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shanghai shao mai

shanghai shao mai

2020 has been a difficult year for restaurants, especially Chinese restaurants who were first affected because of the unfortunate xenophobia attached to Covid-19. I've been taking photos for a few restaurants to help them create a library of images for social media content and gain a virtual presence. This Northern-style dim sum was a happy food discovery, and a delicious one too! Shao mai is Mandarin for Siu Mai (Shumai) To veganize them, I use my trusty Mushroom Bacon recipe, pan-fried with dark soy sauce and sugar. Smoked paprika is not a common Chinese ingredient, but it adds to the meatiness of the mushrooms and works really well.



2 cups cooked glutinous rice*

5-6 shiitake mushrooms, cut into 1/4" (6mm) cubes

1 tablespoon dark soy sauce, divided

1 teaspoon sugar

1/4 tsp smoked paprika

2 tablespoons sunflower or grapeseed oil, divided

1 scallion, chopped

Salt, to taste, optional


1 1/2 cups all-purpose flour

1/4 teaspoon salt

1/2 cup just-boiled water


Carrot rounds to line the basket

  • Make the filling: Heat a skillet on high heat and coat the pan with a tablespoon of oil. Add the mushrooms, 1 teaspoon of the dark soy sauce, sugar and smoked paprika. Stir this mixture well – until the mushrooms are evenly coated and the sugar dissolves. Sauté for 2-3 minutes until the the mushrooms are relatively dry and start to crisp up. Add the cooked rice and stir-fry with the remaining soy sauce and chopped scallions. Season with salt, if necessary. Transfer the mixture to a large plate to let it cool completely before wrapping.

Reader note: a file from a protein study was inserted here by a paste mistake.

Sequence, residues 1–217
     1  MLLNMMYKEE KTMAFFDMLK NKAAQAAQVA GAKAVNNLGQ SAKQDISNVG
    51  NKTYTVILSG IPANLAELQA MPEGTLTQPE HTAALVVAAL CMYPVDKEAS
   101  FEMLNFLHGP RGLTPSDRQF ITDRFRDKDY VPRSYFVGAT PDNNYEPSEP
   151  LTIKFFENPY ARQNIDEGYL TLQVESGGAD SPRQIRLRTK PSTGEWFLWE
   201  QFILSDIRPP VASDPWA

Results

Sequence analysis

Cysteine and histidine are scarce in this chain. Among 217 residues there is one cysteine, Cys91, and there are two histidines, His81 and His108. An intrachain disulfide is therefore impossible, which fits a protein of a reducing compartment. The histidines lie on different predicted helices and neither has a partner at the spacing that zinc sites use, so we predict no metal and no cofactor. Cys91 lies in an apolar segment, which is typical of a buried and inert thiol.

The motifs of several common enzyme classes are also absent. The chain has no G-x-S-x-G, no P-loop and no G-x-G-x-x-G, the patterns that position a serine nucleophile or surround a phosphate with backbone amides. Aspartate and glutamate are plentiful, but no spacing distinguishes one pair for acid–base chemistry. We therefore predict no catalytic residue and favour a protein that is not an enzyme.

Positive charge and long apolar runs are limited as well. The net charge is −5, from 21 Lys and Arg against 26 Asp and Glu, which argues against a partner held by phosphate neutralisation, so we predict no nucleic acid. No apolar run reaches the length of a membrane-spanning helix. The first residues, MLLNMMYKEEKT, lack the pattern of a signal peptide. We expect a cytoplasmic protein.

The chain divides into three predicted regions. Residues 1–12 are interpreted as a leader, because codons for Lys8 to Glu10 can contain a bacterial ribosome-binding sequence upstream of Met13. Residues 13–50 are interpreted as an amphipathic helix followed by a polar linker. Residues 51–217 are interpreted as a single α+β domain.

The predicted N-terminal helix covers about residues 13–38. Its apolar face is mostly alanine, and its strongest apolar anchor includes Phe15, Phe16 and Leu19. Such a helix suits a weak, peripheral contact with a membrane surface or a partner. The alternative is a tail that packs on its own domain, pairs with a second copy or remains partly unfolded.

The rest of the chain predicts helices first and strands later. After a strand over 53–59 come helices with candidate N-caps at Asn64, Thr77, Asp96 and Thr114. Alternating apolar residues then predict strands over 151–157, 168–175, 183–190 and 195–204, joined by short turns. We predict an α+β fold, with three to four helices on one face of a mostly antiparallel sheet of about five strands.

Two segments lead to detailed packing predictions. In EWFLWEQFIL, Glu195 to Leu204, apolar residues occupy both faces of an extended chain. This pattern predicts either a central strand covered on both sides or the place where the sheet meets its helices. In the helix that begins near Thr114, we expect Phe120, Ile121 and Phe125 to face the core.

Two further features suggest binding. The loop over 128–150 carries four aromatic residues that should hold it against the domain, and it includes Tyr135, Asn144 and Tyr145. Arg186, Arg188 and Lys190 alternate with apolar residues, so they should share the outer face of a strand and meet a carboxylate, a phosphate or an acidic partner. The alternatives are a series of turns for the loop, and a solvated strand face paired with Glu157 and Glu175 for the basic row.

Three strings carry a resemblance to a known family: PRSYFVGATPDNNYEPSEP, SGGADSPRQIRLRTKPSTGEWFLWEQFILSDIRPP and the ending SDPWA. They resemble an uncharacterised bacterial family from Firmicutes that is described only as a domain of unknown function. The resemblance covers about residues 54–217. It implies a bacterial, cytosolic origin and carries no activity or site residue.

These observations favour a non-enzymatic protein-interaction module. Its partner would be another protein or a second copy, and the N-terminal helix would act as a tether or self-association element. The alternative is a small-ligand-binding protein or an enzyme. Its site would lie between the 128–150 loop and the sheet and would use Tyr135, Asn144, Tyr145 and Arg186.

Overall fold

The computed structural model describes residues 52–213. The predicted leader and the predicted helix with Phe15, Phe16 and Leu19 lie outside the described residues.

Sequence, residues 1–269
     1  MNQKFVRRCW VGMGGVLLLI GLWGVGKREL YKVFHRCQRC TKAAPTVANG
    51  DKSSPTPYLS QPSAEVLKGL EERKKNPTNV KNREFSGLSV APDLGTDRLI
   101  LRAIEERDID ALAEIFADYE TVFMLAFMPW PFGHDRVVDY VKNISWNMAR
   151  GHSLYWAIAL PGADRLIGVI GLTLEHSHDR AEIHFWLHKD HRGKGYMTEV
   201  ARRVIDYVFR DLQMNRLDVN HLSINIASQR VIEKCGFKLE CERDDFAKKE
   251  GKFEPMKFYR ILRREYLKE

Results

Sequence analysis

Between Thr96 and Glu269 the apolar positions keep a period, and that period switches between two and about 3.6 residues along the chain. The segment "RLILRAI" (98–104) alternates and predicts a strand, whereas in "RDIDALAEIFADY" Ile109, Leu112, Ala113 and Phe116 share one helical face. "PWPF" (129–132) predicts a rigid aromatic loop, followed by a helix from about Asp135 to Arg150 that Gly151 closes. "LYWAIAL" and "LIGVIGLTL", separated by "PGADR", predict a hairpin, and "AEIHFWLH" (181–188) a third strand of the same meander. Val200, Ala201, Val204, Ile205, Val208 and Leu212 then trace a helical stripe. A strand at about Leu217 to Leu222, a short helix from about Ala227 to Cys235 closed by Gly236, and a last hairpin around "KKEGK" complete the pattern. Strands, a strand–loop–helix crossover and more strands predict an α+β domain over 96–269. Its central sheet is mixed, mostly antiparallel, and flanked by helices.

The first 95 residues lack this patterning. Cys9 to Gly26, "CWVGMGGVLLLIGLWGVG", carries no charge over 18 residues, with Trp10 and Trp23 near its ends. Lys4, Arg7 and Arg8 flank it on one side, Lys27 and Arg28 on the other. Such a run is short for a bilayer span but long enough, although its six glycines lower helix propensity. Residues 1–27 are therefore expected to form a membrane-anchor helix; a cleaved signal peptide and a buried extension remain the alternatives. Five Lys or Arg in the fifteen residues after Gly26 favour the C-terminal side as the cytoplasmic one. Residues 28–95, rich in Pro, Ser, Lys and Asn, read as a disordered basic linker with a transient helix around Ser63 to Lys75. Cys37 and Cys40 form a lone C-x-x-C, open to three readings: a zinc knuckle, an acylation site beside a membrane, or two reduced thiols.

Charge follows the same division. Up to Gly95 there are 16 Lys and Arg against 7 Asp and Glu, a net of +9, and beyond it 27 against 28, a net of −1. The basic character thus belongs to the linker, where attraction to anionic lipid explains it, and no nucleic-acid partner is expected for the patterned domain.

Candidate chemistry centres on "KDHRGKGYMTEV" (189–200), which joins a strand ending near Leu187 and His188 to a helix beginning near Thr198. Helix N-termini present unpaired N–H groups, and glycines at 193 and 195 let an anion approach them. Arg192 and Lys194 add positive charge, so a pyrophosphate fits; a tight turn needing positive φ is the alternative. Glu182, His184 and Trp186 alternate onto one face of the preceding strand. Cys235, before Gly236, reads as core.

• Make the wrappers: In a large bowl, mix the flour and salt together. Whilst stirring continuously, gradually pour in the just-boiled water and stir until the mixture begins to clump together in little clusters. Knead these together until a large ball of dough forms. Turn it out onto a clean work surface and knead for 10 more minutes, or until the dough becomes smooth and elastic (like Play Doh). If it's sticky and too wet, add another tablespoon or two of flour. If it's too dry, add another tablespoon of hot water. Cover the dough with a clean, damp dish cloth and set aside for 20 minutes.

  • On a clean, lightly floured work surface, roll the wrapper dough into a long, skinny piece about 1-inch in diameter and divide it into 20-22 equal pieces. Keep these covered with a damp dish cloth while you're assembling them. Use a rolling pin to flatten each of these pieces and roll them out to thin 1/16-inch (3mm) rounds (it doesn't matter if they're not perfect circles), about 4" in diameter – try to go thin as possible without tearing the wrapper when assembling.

  • Assemble the shao mai: Place one dough round in the palm of your hand and add 1-2 teaspoonfuls of the filling in the center of the dough round. Carefully spread this in an even layer, leaving a 1/4" (6mm) perimeter of wrapper uncovered. Make a circle or "OK" symbol with your thumb and index finger. Rest the filled dumpling round on top of this circular opening of your hand, and use a butter knife to push the filling down whilst forming pleats around the whole thing. Once the bundle is formed, like a filled cup, gently squeeze the pleats together so the folds don't unfurl. Place the assembled shao mai onto a parchment-paper lined tray and continue until you run out of wrappers or filling.

  • TO STEAM: Stand each shao mai up in a steamer basket lined with a thinly sliced carrot or radish round underneath each one. Pour ¼ cup or 1-inch (3 cm) of water into a wide pot or wok. Place the basket into the pot, ensuring that the water does not reach the level of the dumplings. Cover the basket and bring the water to a boil. Turn the heat down to a medium-low heat and let steam for 5 minutes .

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